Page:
It’s been a LONG time between posts and that reflects where I’m at with cherry farming really. I’ve kind of worked out that I have neither the skill set, the resilience nor the time to be a cherry farmer. So, post harvest I really backed right off and turned my focus to staring my PhD instead.
Damo has continued to plug away at it and I am constantly amazed at his resilience. Last month we had a mini cyclone come through which lasted the best part of a week. It has left our bird nets torn and tattered over the majority of the orchard. I can barely look at it without feeling ill at the amount of work that lies ahead. So I rarely look at it. Mainly now I go to the farm just to take the girls horse riding. I only go out once every couple of weeks to work. I’ve done some pruning of root stock in the Simones and lateral branches in the Sambas, but nothing like I was doing this time last year. And I’ll admit to feeling much happier as a result of not feeling chained to the farm.
Yesterday I roamed about there for a few hours while the girls rode, doing nothing much but tidying up bits and bobs. But farm work enters into you as if by osmosis and so this morning I found myself awake before 6 wondering how I could mend the massive tear in the net above row 25 without use of the cherry picker (which Damien is using to put new net up over the Sambas). The short answer is I can’t fix the net. I don’t have the skill set, nor the spare cherry picker to do it. But being honest here, even if we had a spare cherry picker sitting right under that gaping 30 metre long tear I wouldn’t actually want to repair that net. I would hate every minute of the job and manage to stitch myself into a state of depression. That is what I find being on a farm with constant visible workload does to me. Whenever I’m there I see the endless work that lies ahead. Maybe it’s different on different types of farms. But that’s how I experience cherry farming. I take my hat off to Damien who just keeps plugging away at it. I am in awe that the elements haven’t yet defeated him. In less than a year we have had two major storms come through – the most recent with the power to uproot massive eucalypts on our farm and carry half our causeway off in its torrent. To me the struggle to keep bird netting intact is futile.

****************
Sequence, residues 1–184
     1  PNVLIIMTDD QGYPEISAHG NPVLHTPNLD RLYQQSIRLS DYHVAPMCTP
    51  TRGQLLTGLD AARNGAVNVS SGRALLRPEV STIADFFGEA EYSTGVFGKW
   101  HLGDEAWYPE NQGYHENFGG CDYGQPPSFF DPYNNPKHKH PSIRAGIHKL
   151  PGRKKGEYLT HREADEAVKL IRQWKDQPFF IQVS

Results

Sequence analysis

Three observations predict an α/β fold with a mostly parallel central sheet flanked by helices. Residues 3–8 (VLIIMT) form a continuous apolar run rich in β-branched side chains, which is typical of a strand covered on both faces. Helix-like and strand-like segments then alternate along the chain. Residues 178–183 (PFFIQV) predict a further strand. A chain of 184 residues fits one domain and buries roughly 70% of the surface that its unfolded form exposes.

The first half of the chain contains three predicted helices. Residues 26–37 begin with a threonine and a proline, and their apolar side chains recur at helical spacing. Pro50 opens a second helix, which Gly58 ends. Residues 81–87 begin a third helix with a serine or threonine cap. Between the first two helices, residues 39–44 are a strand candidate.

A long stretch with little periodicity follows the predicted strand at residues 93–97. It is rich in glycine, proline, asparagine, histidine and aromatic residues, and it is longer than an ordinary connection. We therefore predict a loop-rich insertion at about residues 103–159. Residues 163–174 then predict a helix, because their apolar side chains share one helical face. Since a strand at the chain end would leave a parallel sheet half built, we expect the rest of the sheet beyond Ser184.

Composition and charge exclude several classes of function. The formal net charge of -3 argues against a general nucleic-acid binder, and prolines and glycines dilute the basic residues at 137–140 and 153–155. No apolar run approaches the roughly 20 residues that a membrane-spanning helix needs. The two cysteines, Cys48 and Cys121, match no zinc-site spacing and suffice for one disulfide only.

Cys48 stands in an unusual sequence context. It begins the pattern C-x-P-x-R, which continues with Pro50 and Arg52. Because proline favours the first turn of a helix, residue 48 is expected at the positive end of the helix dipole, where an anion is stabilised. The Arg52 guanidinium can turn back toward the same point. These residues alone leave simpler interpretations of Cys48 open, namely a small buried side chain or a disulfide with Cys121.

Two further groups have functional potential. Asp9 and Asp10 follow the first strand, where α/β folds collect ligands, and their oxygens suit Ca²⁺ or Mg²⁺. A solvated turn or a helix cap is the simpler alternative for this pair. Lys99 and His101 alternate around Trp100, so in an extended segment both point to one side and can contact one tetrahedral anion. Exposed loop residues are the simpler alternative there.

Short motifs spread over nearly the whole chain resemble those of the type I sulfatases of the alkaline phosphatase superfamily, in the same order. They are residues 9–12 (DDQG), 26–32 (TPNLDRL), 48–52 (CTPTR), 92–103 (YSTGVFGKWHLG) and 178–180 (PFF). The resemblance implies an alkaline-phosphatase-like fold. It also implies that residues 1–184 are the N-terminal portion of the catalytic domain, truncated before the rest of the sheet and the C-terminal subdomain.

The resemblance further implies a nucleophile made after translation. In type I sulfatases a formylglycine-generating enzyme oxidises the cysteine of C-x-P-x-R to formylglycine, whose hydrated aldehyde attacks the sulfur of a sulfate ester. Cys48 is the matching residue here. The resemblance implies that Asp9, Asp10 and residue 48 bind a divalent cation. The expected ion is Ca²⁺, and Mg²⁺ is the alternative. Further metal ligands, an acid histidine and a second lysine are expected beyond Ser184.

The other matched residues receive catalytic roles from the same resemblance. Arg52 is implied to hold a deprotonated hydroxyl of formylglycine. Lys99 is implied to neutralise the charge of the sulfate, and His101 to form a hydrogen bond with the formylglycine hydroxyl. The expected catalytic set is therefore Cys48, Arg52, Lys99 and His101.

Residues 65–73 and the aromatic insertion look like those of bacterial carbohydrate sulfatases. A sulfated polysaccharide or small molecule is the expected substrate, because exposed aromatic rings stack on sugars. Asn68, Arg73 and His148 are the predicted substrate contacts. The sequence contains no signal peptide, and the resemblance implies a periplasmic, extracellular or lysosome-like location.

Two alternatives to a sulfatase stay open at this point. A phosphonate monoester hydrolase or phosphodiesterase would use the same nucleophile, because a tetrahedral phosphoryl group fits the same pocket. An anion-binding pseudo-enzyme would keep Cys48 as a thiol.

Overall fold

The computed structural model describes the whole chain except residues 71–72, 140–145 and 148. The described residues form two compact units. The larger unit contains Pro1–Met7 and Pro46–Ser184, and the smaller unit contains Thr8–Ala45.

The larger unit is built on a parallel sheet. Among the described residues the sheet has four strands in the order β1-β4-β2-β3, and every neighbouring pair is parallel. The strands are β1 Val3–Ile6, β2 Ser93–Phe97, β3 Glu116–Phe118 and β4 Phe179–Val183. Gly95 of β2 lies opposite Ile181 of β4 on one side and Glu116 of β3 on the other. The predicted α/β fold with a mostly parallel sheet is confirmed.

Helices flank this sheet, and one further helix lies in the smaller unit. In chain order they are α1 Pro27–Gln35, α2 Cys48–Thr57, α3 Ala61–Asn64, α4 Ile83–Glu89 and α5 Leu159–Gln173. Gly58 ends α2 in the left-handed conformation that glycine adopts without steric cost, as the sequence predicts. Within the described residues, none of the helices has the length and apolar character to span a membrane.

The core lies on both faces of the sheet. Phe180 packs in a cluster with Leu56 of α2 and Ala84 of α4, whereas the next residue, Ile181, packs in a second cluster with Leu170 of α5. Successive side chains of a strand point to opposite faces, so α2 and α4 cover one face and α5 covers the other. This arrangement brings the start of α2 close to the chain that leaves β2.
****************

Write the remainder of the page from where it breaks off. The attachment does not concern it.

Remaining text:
I feel pretty pissweak to not be able to continually rise up to the challenges the farm throws at us. But that’s how it is. I’m just trying to psyche myself up for the harvest in January when I’ll need to be there.
In the meantime one thing I can do is use our everyday spending to support local farmers. I’ve had the privilege of gaining insight into just how hard it is to produce food. I think consumers don’t have a full enough understanding of this. Maybe if they did I think they’d support better prices for farmers.
A couple of other quick mentions:
Already, although it’s still winter (just) and supposedly the quiet time for a cherry farmer, Damo is pretty much tied to the farm to the degree that he can’t even get away for a week. Michael asked him if he’d walk the overland track with a mate of his. He told me how much he would love to go. I asked if he could leave the cherries for that long. “I guess that answers it” he replied. (He’s not going). I think it’s important to remember these small things, because they are some of the qualitative impacts of the farm on our life. Damo has been yearning to walk the overland track again for ages.
Likewise I want very much to spend a few weeks up on the Sunny Coast towards Christmas since there’s a family reunion and Nana turns 90, but I haven’t booked it yet. It feels too indulgent since I’m aware that the work demands of the farm will be so high then. But no. I have just now decided that this family business is too important for the girls and me to miss. So we will go.
And somewhere sometime the conversation about the farm needs to address the question of whether it is helping us live the life we want to share together. That’s probably one of the most important questions for us to consider.